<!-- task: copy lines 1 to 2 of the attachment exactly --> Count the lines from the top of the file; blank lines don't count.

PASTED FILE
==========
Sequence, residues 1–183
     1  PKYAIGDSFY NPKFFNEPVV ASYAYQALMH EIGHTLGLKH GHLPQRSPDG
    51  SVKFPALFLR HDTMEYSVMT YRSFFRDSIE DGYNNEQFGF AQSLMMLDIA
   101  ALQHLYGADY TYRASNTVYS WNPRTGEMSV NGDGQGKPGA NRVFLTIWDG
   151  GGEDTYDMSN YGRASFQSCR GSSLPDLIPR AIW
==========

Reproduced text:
Sequence, residues 1–183
     1  PKYAIGDSFY NPKFFNEPVV ASYAYQALMH EIGHTLGLKH GHLPQRSPDG